• In a second aspect of the invention, a method for determining a sequence in which interrelated benchmarks are executed includes the following steps. An initial ordering of benchmarks is selected for execution based on dependencies between benchmarks. A benchmark for execution is selected if the benchmark is next in the initial ordering and its dependencies on other benchmarks remain satisfied. A benchmark is repeatedly executed until its results are acceptable, wherein adjustments are made as required.
  • These and other objects, features and advantages of the present invention will become apparent from the following detailed description of illustrative embodiments thereof, which is to be read in connection with the accompanying drawings.
  • BRIEF DESCRIPTION OF THE DRAWINGS
  • FIG. 1 illustrates elements of a standalone benchmark.
  • FIG. 2 illustrates a multiple benchmark system, according to an embodiment of the invention.
  • FIG. 3 illustrates a method for a multiple benchmark controller, according to an embodiment of the invention.
  • FIG. 4 illustrates a flow for a multiple benchmark including a configuration benchmark, performance benchmark, dependability benchmark, and protection benchmark, according to an embodiment of the invention.
  • FIG. 5 illustrates a computing system for implementing a multiple benchmark system, according to an embodiment of the invention.
  • DETAILED DESCRIPTION OF PREFERRED EMBODIMENTS
  • Principles of the invention realize that there are natural relationships between benchmarks. For example, to ensure that a performance benchmark is run using a configuration that can be realized in practice, it is desirable to run a configurability benchmark before running a performance benchmark, using a common SUT to ensure the two benchmarks' results are consistent. The configurability benchmark provides a way to quantify the complexity of the configuration required to achieve the performance levels reported.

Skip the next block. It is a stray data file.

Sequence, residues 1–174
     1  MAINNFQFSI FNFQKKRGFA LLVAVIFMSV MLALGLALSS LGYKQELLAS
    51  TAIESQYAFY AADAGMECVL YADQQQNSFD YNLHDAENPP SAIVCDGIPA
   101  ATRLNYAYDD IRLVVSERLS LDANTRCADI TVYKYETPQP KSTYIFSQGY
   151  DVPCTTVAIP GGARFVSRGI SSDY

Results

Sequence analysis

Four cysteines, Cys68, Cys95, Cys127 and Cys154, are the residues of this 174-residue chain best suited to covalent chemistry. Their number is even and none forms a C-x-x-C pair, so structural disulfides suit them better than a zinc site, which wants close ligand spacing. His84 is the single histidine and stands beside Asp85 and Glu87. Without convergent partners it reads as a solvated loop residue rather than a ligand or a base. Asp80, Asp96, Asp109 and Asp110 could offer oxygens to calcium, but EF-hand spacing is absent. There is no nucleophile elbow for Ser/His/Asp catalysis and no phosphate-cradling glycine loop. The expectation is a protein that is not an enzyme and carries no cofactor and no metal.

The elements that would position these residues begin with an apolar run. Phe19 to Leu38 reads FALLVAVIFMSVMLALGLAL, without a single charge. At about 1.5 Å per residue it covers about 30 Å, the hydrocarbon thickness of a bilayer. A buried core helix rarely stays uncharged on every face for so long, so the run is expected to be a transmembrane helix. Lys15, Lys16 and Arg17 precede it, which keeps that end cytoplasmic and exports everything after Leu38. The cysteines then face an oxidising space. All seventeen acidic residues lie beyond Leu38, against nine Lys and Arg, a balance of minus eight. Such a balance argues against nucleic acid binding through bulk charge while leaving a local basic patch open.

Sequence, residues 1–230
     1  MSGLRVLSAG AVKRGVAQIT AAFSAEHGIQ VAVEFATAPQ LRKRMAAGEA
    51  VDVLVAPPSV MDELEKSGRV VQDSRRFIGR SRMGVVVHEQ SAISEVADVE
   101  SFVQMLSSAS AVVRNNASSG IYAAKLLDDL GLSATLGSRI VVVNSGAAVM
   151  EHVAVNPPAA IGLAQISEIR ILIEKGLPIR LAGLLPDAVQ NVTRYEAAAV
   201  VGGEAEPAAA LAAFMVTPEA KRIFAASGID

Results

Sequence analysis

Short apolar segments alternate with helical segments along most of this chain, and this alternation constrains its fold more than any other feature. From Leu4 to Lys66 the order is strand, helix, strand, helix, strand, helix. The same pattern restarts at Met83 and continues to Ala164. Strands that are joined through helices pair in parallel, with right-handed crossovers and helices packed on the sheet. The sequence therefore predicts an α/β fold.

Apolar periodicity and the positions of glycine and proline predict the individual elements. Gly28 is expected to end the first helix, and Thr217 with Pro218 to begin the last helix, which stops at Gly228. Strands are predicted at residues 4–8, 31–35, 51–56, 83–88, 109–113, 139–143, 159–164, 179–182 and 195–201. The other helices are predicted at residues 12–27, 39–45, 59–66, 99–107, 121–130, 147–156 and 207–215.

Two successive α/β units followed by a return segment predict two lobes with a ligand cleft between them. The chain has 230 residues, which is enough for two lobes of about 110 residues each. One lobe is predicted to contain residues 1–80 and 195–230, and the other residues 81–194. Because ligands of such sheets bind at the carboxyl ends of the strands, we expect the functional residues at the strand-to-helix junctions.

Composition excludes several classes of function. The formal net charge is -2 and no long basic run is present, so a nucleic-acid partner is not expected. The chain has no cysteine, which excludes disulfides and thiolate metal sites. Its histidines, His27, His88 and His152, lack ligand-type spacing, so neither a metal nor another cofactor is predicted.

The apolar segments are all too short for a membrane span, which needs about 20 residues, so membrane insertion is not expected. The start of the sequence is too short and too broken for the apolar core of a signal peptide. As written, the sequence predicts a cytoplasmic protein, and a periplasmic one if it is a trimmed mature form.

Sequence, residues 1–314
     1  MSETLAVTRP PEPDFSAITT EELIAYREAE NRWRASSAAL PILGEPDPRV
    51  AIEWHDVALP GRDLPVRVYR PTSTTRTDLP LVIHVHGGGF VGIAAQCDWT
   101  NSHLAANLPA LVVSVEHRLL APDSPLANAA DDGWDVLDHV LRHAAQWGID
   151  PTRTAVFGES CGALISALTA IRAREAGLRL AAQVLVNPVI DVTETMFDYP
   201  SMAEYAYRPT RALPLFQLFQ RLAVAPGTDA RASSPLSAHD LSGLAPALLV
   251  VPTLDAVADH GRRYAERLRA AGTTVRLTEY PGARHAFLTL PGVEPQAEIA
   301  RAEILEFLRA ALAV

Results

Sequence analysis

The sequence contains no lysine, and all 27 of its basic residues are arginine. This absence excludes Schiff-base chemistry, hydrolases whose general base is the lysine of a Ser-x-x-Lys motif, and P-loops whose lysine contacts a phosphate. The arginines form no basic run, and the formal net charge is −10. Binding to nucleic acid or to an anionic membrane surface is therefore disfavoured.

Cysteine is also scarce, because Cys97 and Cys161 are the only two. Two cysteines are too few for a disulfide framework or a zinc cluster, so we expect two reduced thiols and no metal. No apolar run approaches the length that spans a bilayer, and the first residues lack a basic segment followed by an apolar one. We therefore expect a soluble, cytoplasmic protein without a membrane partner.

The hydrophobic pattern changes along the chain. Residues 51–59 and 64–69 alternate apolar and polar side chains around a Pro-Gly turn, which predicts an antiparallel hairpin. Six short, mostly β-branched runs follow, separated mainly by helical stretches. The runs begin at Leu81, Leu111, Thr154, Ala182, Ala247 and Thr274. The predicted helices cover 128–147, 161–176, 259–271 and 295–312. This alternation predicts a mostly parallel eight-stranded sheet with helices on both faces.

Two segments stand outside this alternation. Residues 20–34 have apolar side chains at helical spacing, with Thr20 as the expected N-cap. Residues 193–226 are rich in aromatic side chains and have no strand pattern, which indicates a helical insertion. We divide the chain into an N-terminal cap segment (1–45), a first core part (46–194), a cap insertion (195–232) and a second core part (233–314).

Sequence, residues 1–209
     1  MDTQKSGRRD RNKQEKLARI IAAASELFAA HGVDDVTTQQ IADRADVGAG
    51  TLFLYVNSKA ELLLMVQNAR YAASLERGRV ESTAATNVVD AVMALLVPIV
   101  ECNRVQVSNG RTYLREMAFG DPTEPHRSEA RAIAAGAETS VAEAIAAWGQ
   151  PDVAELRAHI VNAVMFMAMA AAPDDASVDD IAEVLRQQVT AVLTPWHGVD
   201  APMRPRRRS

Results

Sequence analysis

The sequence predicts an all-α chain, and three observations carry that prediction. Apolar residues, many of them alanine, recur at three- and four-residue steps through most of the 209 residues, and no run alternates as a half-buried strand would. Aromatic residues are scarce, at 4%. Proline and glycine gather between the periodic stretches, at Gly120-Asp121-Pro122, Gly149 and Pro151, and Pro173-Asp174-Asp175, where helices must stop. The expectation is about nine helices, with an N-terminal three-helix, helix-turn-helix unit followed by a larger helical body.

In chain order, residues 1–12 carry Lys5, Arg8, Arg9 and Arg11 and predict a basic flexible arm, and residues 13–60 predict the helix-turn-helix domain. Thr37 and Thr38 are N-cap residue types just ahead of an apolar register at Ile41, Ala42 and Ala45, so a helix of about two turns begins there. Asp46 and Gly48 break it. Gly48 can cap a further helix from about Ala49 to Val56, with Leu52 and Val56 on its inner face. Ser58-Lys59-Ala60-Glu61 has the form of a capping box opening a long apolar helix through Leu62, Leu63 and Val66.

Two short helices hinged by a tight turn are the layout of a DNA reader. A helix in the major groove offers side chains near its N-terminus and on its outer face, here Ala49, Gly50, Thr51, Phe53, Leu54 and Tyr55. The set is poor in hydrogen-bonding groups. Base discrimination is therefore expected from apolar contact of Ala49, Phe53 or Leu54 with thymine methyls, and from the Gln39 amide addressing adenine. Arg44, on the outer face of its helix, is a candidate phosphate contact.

• Accordingly, principles of the invention address how to run a sequence of standalone benchmarks in a way that efficiently measures a broad set of characteristics of computing systems, and how to do so in a framework that ensures that the multiple benchmark results are coordinated and self-consistent.
  • As will be illustratively described herein, principles of the invention provide a system and method to efficiently measure multiple characteristics of computing systems by composing standalone benchmarks.
  • In one illustrative system embodiment, such a multiple benchmark system includes several components:
  • (1) A multiple benchmark benchload generator (hereafter, MB benchload generator) that includes benchloads from multiple standalone benchmarks and common interfaces to them.
  • (2) An MB SUT that includes one or more SUTs, SUT components, and/or SUT configurations used in standalone benchmarks along with logic to configure and operate the SUTs.
  • (3) An MB Controller that provides a way to select among the standalone benchload generators and standalone SUTs.
  • (4) An MB benchmark specification that provides a workflow describing the sequence in which standalone benchmarks are invoked.
  • Furthermore, in one illustrative method embodiment, such a multiple benchmark method includes the operation of the MB Controller. Such a method includes inputting the MB specification, configuring the benchload generators and SUTs, operating the benchmark, and reporting benchmark run statistics.